Gamma-aminobutyric acid (GABA) peak
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At the time the article was created Frank Gaillard had no recorded disclosures.View Frank Gaillard's current disclosures
At the time the article was last revised Francesco Sciacca had no recorded disclosures.View Francesco Sciacca's current disclosures
Gamma-aminobutyric acid (GABA), produced by the decarboxylation of glutamate 4, is the principle inhibitory neurotransmitter in the central nervous system 1 and as such, is one of the compounds examined in MR spectroscopy. It is present in the human brain at a concentration of about 1 mM, a whole order of magnitude lower than some of the more abundantly present metabolites. GABA resonates at approximately 2.2-2.4 ppm chemical shift, overlapping the peaks of the more abundant metabolites N-acetylaspartate (NAA), creatine (Cr), and glutamate-glutamine (Glx) 1-3. Therefore, it is not routinely possible to separate it from the other peaks in this region of the spectrum.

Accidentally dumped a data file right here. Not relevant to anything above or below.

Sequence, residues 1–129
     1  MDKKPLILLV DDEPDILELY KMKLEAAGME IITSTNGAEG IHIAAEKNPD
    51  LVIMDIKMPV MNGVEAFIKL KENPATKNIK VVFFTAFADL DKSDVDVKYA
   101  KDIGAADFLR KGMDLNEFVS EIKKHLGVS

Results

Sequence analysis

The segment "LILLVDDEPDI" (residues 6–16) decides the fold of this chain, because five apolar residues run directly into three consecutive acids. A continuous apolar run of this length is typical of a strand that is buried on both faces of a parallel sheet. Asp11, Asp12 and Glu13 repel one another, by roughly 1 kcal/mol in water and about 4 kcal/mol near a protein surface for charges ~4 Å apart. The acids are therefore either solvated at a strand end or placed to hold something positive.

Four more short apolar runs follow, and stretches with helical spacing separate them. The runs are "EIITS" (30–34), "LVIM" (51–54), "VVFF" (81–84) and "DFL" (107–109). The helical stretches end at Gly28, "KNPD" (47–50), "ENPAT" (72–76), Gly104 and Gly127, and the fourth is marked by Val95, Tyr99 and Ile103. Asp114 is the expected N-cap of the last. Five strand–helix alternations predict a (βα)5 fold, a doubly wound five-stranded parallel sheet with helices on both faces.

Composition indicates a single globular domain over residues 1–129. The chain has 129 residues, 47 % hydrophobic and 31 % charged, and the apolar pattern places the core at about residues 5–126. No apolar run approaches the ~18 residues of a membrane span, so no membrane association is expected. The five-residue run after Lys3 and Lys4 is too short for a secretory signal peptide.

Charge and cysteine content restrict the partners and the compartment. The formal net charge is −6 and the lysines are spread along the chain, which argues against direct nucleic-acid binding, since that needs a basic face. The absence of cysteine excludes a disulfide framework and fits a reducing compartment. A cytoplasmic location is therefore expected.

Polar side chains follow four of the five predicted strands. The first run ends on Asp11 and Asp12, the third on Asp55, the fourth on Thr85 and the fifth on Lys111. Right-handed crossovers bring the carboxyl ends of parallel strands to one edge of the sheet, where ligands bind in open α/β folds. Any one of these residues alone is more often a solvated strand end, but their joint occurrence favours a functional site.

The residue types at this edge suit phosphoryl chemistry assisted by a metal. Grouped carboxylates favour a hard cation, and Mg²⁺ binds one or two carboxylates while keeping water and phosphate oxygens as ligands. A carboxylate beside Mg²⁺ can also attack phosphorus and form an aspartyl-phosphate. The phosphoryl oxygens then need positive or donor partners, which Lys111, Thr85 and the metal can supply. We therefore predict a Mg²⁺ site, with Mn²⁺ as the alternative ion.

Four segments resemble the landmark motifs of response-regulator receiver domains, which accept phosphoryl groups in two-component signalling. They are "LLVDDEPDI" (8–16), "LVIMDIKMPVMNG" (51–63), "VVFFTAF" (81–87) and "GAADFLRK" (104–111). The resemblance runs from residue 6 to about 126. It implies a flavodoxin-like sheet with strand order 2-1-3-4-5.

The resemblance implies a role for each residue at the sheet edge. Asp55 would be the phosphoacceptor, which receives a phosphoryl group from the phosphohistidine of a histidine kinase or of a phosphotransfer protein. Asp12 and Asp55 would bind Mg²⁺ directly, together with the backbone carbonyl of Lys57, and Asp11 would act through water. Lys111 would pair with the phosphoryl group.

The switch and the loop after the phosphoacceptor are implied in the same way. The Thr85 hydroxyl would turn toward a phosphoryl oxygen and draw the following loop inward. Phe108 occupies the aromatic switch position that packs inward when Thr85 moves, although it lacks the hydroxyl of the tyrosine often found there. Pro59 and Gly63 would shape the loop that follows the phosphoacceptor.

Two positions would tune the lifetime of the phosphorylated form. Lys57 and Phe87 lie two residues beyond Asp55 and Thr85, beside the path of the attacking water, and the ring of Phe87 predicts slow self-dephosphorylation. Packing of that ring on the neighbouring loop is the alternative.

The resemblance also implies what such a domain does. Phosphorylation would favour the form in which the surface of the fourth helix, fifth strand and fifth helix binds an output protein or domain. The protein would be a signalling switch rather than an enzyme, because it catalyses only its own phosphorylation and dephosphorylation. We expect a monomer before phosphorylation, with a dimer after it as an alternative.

Changes in concentration of GABA have been reported in a number of clinical scenarios, although day-to-day application is limited 2: